The US Election or the White Man’s Ambition

While aiming high is seen as an obvious and neutral trait in male candidates, in the case of women, such an attitude is not only off-putting, but also cause for moral indignation.

Every four years, election analysts all over the world are put to the test in predicting — as well as subsequently analyzing — the results of the U.S. presidential election. Reality always surpasses expectations, and once again, the results of the 2020 election do not fail to surprise. The disastrous handling of the COVID-19 crisis by Donald Trump seemed to foretell bigger punishment by his supporters — at least from the ones who have been hit the hardest by the pandemic and its repercussions. This is the logic of accountability: When leaders do a very bad job, usually, the government falls in the following election. Even Trump himself showed certain trepidation about accountability as he made every effort to delay the election. After all, as V.O. Key Jr. said several decades ago, “voters are not fools.”

This mechanism of accountability also operates through the growing incentive to vote in groups that had not done so in previous elections. Therefore, the significant increase in voter turnout was to be expected, and that was indeed what happened. At least we got something right: Early and mail-in voting reached previously unprecedented levels. In the absence of precise data, voter turnout has been estimated to be between 66% and 67%, while in the previous presidential election of 2016, voter turnout was 59.2%. This represents a 7%-8% increase.

However, the impact of this significant increase in voter turnout in the election results was apparently not as expected. The literature regarding the determining factors in voter turnout suggests that people who do not vote are usually those with lesser means and motivation, those who feel that politics has nothing to do with them, and for whom the person in power appears to matter very little. This is precisely the profile of the constituent who most likely suffered the consequences of Trump’s hapless handling of the pandemic. Therefore, many of the new votes were expected to go to the Democratic candidate. Economist John Kenneth Galbraith once summarized it by saying, “If everybody in this country voted, the Democrats would be in for the next 100 years.”

What happened to these new voters? Although we can only speculate for now, everything seems to indicate that some of those voters found a connection with the Trump universe; a universe that continues to bring together the interests favoring the cause of the white man who brings home the bacon month after month. These are white men who unapologetically claim that their crucial role in society is losing its relevance. It is quite possible that sectors of Latino men — who have toiled to find decent jobs after years of suffering — found connection with a group that feels that its roles are being challenged and criticized for being outdated, out of place, even. And all because women no longer want to take on the social role assigned to them: a role confined to the family sphere. Taking care of the family, being its emotional support, acting as responsible mothers and daughters. This is a social role that in Trump’s universe often appears as morally superior to that of men, in the purest style of “benevolent sexism.” This discourse is strongly reminiscent of the rhetoric the suffragettes had to hear from the institutional political establishment during the first decades of the 20th century.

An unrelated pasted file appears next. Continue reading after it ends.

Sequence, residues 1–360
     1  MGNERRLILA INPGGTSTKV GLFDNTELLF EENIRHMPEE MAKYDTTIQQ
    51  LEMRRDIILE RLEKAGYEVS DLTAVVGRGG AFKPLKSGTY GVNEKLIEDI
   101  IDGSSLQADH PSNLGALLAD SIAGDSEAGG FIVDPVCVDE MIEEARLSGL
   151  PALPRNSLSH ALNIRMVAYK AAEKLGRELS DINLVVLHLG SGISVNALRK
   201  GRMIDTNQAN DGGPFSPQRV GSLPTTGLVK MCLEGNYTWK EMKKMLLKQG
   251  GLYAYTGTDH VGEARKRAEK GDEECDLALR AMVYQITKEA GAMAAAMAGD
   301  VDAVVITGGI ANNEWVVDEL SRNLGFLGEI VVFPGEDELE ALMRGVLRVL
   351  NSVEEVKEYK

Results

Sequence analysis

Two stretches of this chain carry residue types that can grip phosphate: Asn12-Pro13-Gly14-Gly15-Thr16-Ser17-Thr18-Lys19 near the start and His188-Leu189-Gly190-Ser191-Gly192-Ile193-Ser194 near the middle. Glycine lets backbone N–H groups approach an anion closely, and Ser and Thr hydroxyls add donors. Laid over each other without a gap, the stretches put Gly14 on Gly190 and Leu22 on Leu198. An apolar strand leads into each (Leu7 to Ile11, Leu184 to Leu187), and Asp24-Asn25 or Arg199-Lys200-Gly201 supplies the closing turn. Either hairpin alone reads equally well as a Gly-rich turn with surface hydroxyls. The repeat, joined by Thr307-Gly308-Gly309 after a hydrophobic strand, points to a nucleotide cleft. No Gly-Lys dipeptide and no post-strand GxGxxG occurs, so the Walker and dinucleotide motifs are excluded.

We expected a more resounding victory on the part of Joe Biden. However, if we use a gender approach in the analysis, it clearly could have been worse. I would propose an exercise. Imagine what would have happened if, instead of Biden, the Democratic presidential candidate had been his running mate, Kamala Harris, a Black woman with a brilliant career as attorney general. In my opinion, Trump would have won. We tend to forget the reason because it is usually considered anecdotal, but that reason is, again, gender (and of course race as well).

Psychological research shows how gender has an impact on the political perceptions of Americans, both male and female. For example, there was a study that used experiments to elicit reactions from participants when faced with possible attributes or qualities belonging to hypothetical political candidates. It showed that having ambition is particularly penalized with respect to female candidates. While participants in the experiments considered ambition as a very obvious and neutral attribute in a male candidate, ambition causes not only rejection but even moral indignation in the case of women. If in doubt, ask Sen. Elizabeth Warren, one of the strongest contenders in the struggle to choose a Democratic candidate. The loser of the 2020 presidential election even nicknamed her Pocahontas, in a display of careless misogyny.

Once again, voters still disfavor and reject ambition in women because it poses a real challenge to the historical monopoly that white men hold in the political arena..

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